Business

Business leaders given government advisory roles

Andrew Witty, chief executive of GSK
Image caption Andrew Witty will become a non-executive board member at the Business Department.

A number of leading business figures are being given advisory roles within Whitehall with the aim of helping the government operate more efficiently.

They include Andrew Witty, chief executive of GlaxoSmithKline; Sara Weller, boss of Argos; and Sam Laidlaw, head of Centrica.

In total, 31 private, public and not-for-profit sector leaders are being appointed to departmental boards.

As non-executive directors they will scrutinise how departments are run.

Of the 31 appointees, 13 - or 42% - are women.

'Business-like ethos'

Francis Maude, Minister for the Cabinet Office, said the efficiency measures so far put in place by the coalition government had already saved more than £1bn.

He added: "Today's names include business heavyweights with huge experience of financial management and improving operational performance, and they will play a key role in helping departments rise to the challenge and deliver further savings.

"Previously we have paid millions of pounds to consultants for this kind of advice."

The appointees will be offered £15,000 a year, with a further £5,000 for those who take the lead non-executive role on each departmental board.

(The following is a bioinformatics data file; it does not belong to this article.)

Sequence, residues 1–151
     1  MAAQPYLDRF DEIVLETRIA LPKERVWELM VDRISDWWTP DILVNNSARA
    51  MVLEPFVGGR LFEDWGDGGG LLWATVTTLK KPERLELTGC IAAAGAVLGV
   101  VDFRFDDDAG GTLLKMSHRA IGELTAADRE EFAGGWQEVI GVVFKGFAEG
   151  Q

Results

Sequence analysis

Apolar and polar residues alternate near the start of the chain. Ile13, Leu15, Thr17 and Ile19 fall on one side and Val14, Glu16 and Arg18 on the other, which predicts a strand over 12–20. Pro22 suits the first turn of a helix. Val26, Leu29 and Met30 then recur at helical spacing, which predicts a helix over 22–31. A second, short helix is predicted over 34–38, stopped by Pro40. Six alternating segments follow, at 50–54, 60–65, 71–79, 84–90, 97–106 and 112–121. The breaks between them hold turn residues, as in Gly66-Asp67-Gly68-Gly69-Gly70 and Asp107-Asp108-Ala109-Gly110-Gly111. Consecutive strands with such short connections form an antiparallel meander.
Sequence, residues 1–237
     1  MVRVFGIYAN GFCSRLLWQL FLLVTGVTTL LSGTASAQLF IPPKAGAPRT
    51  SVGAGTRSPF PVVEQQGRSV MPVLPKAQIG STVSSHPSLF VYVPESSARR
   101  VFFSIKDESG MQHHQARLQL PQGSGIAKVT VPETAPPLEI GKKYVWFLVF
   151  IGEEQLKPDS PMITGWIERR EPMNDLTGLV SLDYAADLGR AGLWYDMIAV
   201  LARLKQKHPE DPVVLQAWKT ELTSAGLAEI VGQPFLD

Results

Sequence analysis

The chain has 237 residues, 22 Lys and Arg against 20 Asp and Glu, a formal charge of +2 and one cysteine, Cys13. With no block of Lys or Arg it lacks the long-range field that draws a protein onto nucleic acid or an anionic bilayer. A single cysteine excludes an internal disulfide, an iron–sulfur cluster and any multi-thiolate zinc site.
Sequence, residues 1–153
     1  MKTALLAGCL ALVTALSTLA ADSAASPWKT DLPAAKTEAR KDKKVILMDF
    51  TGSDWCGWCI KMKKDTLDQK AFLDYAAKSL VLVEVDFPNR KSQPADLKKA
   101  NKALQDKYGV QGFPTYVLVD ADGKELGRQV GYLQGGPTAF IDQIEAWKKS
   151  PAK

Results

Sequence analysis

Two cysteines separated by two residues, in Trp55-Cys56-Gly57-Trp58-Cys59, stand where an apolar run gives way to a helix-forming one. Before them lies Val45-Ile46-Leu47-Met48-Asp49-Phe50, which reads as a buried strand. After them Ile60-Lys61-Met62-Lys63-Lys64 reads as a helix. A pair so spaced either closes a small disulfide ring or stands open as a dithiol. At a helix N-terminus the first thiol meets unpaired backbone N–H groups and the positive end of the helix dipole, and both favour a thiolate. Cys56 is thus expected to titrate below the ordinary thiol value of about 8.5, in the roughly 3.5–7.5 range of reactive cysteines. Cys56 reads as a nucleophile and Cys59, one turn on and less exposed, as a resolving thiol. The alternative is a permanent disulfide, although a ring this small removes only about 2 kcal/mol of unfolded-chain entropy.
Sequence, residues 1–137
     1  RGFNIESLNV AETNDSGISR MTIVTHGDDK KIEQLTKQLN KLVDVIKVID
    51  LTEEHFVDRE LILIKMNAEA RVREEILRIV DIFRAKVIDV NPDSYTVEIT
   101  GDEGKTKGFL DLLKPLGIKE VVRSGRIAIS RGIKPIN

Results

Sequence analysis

However, the Cabinet Office said each could choose to waive all or part of their fee.

Former BP boss Lord Browne, who was appointed by the government back in June to help find the non-executive directors, will take the lead non-executive position in the Cabinet Office, and continue in the same role for the overall government.

The first board meetings are expected to take place in January, and additional non-executive directors will be appointed in the new year.

Lord Browne said: "By appointing world-class leaders from outside government to Whitehall's departmental boards, we have taken an important step forward in realising the government's reform agenda.

"Drawing on their experience, knowledge and expertise, the non-executive board members will play a principal role in bringing a more business-like ethos to the very heart of government."

Other business leaders who will take up non-executive roles in the government include investment banker David Verey, former Tate & Lyle boss Iain Ferguson, and Val Gooding, former head of Bupa.

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